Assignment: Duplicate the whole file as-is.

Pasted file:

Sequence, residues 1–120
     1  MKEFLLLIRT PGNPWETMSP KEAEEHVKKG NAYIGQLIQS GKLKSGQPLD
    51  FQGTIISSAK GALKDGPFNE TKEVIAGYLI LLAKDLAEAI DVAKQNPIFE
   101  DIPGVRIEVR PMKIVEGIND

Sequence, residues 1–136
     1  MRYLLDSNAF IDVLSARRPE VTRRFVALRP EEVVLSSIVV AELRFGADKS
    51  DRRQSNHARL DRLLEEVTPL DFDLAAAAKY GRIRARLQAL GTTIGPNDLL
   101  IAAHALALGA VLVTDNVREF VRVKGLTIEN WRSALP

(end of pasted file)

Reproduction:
Sequence, residues 1–120
     1  MKEFLLLIRT PGNPWETMSP KEAEEHVKKG NAYIGQLIQS GKLKSGQPLD
    51  FQGTIISSAK GALKDGPFNE TKEVIAGYLI LLAKDLAEAI DVAKQNPIFE
   101  DIPGVRIEVR PMKIVEGIND

Sequence, residues 1–136
     1  MRYLLDSNAF IDVLSARRPE VTRRFVALRP EEVVLSSIVV AELRFGADKS
    51  DRRQSNHARL DRLLEEVTPL DFDLAAAAKY GRIRARLQAL GTTIGPNDLL
   101  IAAHALALGA VLVTDNVREF VRVKGLTIEN WRSALP